Sunday, October 16, 2016

3 Stars - The Pursuit of Pearls by Jane Thynne

Publisher: Ballantine Books
Historical Fiction
Buy: AMZ

About the Book

Perfect for fans of Jacqueline Winspear, Charles Todd, Robert Harris, and Susan Elia MacNeal, here is the next thrilling historical novel featuring Clara Vine, the British actress and special agent who glides through the upper echelons of Nazi society, covertly gathering key intelligence—and placing herself in mortal peril.

In the spring of 1939, the drums of war beat throughout Europe, but nowhere more ferociously than in Berlin. The film studio where Clara Vine works is churning out movies, but each day that she stays in Germany is more dangerous than the last. Spying on the private life of the Third Reich, passing secrets to contacts in British intelligence, falling into a passionate affair—any of these risky moves could get Clara shot. So she is wholly shaken when someone close to her is murdered instead. The victim is Lottie Franke, an aspiring costume designer and student at the prestigious Faith and Beauty finishing school that trains young women to become the wives of the Nazi elite. While the press considers Lottie’s death in the Grunewald forest the act of a lone madman, Clara uncovers deeper threads, tangled lines that seem to reach into the darkest depths of the Reich—and to a precious discovery that Hitler and his ruthless cohorts would kill for.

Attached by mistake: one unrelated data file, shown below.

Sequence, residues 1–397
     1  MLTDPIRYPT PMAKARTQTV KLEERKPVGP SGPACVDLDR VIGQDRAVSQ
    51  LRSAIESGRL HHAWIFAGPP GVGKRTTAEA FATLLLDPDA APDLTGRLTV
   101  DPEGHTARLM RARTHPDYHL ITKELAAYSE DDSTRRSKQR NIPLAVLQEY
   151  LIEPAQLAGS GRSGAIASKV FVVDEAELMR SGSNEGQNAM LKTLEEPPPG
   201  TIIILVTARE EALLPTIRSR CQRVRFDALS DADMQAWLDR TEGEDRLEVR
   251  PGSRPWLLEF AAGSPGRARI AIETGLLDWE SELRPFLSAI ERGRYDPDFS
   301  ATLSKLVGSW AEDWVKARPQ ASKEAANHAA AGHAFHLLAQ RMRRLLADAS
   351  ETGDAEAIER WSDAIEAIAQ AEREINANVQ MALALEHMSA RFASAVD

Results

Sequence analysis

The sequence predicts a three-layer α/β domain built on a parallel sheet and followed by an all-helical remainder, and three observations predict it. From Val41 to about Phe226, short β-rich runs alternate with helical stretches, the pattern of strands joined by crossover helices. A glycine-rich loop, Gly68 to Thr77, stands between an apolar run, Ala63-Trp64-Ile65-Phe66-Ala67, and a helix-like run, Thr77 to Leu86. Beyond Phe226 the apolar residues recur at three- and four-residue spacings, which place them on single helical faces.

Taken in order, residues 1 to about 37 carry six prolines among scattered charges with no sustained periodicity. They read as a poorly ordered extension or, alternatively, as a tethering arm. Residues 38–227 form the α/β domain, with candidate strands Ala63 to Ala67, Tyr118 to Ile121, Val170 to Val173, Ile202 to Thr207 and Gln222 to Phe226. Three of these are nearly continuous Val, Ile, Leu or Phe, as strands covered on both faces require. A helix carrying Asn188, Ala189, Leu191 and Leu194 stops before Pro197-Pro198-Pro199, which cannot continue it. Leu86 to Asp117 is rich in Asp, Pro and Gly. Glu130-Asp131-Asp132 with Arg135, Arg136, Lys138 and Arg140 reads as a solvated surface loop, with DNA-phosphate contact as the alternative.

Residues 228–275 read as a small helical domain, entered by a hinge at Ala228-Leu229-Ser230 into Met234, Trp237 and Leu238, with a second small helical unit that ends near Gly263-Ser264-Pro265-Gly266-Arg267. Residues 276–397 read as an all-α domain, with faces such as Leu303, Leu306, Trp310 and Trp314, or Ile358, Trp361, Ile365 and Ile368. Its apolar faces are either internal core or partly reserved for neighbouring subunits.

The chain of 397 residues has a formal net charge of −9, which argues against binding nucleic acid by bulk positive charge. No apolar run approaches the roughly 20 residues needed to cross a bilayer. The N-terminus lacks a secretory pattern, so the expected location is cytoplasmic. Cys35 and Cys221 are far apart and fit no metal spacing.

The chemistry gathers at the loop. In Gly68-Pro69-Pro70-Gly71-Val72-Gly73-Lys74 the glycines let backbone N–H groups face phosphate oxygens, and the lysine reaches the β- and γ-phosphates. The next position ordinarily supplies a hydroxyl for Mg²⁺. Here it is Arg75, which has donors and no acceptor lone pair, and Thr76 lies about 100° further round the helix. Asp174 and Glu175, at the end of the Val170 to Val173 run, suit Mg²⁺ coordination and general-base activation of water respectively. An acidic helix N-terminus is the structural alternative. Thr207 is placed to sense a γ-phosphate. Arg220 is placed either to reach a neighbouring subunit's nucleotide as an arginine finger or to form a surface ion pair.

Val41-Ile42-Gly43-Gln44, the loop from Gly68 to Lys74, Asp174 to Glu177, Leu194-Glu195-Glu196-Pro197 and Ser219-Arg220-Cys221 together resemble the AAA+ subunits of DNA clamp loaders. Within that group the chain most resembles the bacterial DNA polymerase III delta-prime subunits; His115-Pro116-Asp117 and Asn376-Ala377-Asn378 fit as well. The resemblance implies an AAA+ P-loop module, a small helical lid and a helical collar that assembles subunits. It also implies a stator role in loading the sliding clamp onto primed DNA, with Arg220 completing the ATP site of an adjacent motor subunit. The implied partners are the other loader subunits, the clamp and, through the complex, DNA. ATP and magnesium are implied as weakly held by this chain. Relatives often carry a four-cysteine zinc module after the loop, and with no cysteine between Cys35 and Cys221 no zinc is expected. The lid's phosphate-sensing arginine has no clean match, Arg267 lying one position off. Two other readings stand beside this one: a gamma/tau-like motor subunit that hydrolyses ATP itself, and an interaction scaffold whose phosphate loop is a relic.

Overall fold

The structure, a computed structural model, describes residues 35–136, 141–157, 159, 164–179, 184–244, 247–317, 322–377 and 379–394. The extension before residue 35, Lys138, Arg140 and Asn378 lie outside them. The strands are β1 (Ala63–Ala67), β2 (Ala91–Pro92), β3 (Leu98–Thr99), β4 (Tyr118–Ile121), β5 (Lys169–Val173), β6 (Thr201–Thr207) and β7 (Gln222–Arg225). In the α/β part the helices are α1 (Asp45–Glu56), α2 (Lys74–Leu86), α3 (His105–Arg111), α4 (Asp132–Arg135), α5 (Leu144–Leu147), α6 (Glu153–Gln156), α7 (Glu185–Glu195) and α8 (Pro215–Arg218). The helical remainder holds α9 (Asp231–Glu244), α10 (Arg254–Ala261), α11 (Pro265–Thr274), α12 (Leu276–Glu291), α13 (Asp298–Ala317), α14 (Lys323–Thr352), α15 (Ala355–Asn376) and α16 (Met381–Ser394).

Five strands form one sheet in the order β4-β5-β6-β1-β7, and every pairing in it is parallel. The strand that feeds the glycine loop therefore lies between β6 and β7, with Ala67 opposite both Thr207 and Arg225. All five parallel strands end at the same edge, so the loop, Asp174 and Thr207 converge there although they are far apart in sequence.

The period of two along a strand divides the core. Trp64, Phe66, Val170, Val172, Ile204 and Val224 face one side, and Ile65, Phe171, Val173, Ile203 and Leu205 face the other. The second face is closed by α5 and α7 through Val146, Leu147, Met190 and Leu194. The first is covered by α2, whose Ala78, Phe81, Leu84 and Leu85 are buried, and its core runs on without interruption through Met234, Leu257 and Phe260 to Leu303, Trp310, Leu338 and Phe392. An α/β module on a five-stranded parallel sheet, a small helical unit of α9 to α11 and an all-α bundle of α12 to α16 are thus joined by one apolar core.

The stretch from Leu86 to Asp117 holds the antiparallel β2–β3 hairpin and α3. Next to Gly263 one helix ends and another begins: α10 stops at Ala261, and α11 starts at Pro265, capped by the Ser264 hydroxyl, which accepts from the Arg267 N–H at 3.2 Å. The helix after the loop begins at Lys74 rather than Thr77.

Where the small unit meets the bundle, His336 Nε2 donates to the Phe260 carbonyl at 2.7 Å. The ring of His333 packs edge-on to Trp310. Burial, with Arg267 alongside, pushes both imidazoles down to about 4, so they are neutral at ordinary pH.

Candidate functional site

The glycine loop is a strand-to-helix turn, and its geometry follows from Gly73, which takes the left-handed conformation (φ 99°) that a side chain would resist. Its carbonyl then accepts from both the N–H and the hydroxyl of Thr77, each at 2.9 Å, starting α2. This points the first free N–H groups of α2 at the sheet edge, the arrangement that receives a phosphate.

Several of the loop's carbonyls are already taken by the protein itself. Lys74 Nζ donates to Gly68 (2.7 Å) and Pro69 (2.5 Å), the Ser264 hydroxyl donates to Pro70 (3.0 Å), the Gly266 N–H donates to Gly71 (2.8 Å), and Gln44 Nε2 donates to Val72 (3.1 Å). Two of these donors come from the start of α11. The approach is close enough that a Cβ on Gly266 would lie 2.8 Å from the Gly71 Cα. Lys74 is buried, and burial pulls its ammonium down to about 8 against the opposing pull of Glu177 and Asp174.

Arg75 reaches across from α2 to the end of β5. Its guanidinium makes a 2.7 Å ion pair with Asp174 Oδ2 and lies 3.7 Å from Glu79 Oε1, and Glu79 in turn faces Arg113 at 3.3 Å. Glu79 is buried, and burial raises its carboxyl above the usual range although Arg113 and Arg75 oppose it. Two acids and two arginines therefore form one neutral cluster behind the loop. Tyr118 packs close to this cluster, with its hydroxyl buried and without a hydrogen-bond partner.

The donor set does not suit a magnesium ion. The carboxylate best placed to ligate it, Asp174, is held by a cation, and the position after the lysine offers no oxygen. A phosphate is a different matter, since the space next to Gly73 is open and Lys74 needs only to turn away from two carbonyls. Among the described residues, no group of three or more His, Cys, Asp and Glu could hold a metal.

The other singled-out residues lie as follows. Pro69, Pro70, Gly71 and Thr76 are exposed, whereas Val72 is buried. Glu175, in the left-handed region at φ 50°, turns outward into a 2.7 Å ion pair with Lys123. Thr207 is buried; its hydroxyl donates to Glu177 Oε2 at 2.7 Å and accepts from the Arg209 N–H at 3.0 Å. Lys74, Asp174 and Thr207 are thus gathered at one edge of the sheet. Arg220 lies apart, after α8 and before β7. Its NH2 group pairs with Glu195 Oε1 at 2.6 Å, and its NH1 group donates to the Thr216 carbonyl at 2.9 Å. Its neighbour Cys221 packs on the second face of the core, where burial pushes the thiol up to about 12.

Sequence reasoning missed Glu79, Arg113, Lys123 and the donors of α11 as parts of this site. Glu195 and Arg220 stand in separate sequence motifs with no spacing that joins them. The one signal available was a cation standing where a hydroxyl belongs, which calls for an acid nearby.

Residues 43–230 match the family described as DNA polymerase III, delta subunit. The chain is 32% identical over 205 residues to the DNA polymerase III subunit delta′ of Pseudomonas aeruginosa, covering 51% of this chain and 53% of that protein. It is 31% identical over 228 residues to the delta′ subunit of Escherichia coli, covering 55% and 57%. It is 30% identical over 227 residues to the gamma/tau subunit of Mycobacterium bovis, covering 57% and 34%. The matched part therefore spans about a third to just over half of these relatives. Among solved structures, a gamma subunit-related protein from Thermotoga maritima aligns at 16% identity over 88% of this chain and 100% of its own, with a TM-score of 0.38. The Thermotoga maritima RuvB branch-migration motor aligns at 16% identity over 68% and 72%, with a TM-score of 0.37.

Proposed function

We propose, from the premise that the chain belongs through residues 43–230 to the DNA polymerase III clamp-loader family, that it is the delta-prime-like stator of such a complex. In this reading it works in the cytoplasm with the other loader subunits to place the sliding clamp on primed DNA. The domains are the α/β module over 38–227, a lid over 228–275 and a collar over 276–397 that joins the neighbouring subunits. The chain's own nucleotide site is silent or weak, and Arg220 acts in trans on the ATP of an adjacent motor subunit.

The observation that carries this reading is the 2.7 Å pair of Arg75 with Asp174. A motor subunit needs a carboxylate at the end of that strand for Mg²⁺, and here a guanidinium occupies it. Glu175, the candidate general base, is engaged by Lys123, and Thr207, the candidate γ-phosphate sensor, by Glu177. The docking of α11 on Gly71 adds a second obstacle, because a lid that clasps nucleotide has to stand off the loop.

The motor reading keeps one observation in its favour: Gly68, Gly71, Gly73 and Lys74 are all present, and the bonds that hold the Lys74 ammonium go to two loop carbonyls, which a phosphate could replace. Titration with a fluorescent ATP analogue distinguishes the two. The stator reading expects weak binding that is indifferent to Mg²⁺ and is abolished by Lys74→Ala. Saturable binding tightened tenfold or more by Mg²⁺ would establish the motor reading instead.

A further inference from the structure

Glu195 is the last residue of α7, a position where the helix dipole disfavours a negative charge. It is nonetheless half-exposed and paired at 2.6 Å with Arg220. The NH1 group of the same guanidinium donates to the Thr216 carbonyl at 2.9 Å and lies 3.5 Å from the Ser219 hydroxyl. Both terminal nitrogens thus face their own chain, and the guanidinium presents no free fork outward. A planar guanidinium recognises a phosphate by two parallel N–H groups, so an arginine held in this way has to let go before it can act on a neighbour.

I enjoyed the story, but it took me a while to get into this one as opposed to Thynne's earlier book, The Scent of Secrets. 

Clara Vine, an actress concealing her Jewish identity in Nazi Germany, has been hand-picked by Leni Riefenstahl to star as the personification of the German spirit. One would make much of the choice, but Clara is pre-occupied with other things, namely the murder of a young "Faith and Beauty" woman and her extracurricular spying activities. She pines for her missing beau and dithers over a mission guaranteed to expose her, and after rubbing elbows with numerous Nazi elite manages to learn something that will change Europe, not for the better.

Again, I like the story, and I think I could like this series. I have the next book in possession, which takes the story into the actual war and I look forward to it. I think Scent was a more interesting story mainly because of the interaction between Clara and Eva Braun - I was more interested in Clara insinuating herself directly into danger zone, where here she kind of moved in and out of it.

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